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ERIC Number: ED401429
Record Type: RIE
Publication Date: 1995-Jul
Pages: 63
Abstractor: N/A
Reference Count: N/A
ISBN: N/A
ISSN: N/A
Who Moonlights and Why? Evidence from the SIPP. Staff Working Paper 95-40.
Kimmel, Jean; Conway, Karen Smith
A study examined the characteristics of moonlighters and the length of their moonlighting episodes to determine who moonlights and why. Data for 203 prime-aged men were drawn from the 1984 Survey of Income and Program Participation panel (SIPP). The methodology involved a study of the personal and job-related characteristics of moonlighters and how the length of the moonlighting episode varied with these characteristics and an estimation of a duration model with unobserved heterogeneity to identify formally the determinants of moonlighting behavior when multiple motives may exist. The expectation was that individuals who moonlighted because they were constrained on their primary jobs might do so for shorter periods than those who moonlighted for other reasons. Therefore, the hazard rate for workers who moonlight because of primary job constraints should be greater than for those with alternative motives. The descriptive analysis revealed that most moonlighters worked full time on their primary jobs and 15-20 hours per week on lower-paying second jobs, and, in spite of those long hours, tended to be poorer than the average workers. Yet, a significant minority earned a higher wage on their second job. The duration model results suggested the structural hazard increased over time and there was significant unobserved heterogeneity. These results were consistent with the presence of multiple motives for moonlighting, with the constraint motive being the most common. (Contains 19 references and a technical appendix.) (YLB)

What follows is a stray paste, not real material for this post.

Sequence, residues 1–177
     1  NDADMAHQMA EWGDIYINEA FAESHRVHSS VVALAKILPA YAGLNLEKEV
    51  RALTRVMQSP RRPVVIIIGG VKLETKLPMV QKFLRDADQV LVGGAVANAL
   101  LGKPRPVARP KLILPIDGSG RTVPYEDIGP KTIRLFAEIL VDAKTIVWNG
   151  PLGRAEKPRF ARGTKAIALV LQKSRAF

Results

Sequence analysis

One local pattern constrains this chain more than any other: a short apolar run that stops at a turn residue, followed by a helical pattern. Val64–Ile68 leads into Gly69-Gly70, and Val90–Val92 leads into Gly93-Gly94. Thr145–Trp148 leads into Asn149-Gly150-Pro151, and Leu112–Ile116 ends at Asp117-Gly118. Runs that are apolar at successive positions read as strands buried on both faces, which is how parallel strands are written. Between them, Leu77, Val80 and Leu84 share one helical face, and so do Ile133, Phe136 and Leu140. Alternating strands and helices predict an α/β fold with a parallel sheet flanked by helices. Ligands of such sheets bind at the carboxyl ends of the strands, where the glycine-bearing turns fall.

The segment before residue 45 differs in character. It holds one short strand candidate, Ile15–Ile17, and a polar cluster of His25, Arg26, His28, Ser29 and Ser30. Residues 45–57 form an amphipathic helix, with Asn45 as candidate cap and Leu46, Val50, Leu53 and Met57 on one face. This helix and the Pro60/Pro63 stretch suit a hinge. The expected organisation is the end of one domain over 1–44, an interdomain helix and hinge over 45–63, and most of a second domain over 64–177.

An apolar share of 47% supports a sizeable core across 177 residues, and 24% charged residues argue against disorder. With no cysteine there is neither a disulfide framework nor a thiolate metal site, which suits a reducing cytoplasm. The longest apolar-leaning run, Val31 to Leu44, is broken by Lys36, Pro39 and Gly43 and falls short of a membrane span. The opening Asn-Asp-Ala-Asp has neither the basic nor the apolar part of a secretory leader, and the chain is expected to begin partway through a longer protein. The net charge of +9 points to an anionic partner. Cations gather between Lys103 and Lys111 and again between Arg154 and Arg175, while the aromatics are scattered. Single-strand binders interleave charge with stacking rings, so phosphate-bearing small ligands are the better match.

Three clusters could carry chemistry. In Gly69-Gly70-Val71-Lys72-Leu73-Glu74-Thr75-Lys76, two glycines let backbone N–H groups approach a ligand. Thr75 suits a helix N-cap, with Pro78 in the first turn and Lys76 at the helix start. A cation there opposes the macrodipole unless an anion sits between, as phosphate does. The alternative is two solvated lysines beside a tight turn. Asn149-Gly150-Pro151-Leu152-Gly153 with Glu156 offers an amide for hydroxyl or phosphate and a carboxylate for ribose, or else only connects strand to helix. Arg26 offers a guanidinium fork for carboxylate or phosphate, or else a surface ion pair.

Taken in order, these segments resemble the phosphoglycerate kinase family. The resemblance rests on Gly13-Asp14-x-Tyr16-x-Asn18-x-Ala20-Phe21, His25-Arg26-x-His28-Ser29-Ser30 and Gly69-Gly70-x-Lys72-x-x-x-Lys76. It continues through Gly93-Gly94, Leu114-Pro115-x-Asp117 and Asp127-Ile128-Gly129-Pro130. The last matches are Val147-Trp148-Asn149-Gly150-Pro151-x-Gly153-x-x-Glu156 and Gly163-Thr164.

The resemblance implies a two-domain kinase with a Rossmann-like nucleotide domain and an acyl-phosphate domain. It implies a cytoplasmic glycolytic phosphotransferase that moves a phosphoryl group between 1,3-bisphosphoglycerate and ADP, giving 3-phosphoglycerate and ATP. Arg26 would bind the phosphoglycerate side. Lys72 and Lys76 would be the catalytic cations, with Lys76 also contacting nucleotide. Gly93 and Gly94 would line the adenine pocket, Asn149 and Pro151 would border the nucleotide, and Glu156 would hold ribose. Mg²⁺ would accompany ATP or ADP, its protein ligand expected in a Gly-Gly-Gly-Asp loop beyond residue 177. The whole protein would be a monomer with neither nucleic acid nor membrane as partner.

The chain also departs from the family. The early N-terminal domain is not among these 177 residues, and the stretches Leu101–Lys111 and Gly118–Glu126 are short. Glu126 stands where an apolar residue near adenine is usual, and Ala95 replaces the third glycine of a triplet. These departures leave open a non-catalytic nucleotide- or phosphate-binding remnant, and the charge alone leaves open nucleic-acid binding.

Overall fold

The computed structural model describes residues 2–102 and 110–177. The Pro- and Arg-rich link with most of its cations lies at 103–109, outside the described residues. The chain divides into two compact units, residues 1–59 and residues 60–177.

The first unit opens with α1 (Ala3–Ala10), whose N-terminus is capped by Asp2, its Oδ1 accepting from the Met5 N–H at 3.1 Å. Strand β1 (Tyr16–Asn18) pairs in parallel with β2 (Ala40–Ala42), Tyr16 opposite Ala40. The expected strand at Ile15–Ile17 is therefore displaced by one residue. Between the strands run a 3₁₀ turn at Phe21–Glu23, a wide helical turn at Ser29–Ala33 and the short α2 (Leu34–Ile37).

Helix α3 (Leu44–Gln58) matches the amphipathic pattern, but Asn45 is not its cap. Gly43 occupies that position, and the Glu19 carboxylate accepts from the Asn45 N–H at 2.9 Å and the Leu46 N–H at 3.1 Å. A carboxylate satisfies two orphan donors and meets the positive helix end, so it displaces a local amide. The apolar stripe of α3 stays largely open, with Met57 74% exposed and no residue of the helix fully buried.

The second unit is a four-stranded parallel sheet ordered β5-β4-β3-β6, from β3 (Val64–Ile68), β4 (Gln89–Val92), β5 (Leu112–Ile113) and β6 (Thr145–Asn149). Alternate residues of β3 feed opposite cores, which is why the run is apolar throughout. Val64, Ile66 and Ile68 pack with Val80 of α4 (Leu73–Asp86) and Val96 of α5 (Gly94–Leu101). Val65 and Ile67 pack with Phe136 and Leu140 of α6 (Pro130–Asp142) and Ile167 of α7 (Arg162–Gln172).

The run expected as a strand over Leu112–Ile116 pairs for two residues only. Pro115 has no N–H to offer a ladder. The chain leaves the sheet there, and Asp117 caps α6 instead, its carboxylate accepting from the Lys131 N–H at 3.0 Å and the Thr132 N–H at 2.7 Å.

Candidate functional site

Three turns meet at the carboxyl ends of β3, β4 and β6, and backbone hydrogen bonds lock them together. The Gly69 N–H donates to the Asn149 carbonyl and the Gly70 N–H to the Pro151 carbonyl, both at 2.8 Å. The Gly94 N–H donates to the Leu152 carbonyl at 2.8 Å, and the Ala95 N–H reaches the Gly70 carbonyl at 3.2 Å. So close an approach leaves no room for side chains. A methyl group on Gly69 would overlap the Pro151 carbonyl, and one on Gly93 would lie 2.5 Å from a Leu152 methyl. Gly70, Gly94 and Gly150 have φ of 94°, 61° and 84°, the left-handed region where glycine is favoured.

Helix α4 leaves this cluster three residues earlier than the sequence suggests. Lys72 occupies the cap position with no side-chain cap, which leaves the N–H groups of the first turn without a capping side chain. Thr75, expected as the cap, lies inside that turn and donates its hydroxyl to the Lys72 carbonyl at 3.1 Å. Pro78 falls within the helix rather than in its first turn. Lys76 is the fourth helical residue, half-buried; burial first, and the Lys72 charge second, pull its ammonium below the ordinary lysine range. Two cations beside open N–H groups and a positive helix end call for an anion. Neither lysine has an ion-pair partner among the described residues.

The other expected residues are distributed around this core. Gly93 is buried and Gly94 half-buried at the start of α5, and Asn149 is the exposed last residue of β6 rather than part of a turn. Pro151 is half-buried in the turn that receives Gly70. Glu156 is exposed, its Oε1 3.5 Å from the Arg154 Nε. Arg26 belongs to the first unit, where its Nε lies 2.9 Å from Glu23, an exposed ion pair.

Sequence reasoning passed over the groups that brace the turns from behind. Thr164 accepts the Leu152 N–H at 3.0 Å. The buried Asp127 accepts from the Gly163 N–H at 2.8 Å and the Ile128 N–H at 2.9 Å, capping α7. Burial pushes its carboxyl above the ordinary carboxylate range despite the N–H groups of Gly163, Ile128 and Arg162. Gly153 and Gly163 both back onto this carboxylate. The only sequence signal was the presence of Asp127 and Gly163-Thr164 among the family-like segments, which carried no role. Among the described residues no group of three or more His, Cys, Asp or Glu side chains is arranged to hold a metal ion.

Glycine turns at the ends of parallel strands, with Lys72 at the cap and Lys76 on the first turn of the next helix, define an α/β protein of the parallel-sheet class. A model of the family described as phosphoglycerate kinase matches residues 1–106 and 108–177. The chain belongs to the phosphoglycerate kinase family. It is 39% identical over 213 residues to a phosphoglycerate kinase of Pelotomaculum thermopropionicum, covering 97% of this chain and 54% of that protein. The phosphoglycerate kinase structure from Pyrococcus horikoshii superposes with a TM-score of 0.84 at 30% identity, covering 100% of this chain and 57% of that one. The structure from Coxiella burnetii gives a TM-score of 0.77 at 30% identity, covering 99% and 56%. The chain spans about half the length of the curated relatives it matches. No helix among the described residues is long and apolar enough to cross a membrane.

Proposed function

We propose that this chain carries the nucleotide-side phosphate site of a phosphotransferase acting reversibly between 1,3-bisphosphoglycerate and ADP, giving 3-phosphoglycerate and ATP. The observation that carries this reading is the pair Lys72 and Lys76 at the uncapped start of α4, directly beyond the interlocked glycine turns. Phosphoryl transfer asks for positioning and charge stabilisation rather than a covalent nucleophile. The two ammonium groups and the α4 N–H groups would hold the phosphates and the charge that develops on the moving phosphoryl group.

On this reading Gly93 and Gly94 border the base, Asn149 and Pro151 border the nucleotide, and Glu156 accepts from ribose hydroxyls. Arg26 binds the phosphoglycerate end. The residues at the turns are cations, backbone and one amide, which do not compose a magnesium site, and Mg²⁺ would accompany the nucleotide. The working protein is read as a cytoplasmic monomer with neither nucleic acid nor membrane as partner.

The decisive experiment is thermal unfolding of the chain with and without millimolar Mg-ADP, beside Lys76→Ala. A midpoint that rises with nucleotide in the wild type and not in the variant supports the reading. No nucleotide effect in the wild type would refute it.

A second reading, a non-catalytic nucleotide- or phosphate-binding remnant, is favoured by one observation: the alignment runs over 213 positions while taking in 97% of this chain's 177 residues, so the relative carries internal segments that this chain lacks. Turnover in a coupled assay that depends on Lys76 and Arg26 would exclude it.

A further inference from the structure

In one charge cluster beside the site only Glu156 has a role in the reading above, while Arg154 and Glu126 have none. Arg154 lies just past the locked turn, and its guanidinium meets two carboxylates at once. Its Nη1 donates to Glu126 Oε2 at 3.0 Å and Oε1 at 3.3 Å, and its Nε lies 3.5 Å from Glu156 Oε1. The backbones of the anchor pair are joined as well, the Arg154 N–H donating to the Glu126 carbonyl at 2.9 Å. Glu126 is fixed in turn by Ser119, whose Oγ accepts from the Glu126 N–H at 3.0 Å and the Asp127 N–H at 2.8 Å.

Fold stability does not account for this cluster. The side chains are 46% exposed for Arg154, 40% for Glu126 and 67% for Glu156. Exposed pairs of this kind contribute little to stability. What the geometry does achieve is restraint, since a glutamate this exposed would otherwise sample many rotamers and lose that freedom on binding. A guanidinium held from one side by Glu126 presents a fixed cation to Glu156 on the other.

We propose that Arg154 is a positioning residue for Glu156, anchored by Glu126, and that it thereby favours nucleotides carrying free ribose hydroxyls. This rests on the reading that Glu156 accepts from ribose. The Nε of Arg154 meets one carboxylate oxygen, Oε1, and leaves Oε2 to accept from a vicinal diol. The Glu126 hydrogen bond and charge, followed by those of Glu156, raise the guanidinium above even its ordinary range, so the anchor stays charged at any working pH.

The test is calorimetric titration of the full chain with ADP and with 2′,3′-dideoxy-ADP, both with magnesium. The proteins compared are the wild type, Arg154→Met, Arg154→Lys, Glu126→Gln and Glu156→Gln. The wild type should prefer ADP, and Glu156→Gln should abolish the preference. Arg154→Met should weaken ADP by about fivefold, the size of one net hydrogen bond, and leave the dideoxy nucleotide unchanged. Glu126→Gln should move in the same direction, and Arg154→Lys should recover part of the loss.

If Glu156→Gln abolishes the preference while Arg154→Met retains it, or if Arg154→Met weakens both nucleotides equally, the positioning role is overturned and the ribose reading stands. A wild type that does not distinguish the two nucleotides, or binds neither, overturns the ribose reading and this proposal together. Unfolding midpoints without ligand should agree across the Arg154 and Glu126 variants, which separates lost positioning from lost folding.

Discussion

W.E. Upjohn Institute for Employment Research, 300 South Westnedge Avenue, Kalamazoo, MI 49002 (first copy $1; additional copies $.50 each).
Publication Type: Reports - Research
Education Level: N/A
Audience: N/A
Language: English
Sponsor: N/A
Authoring Institution: Upjohn (W.E.) Inst. for Employment Research, Kalamazoo, MI.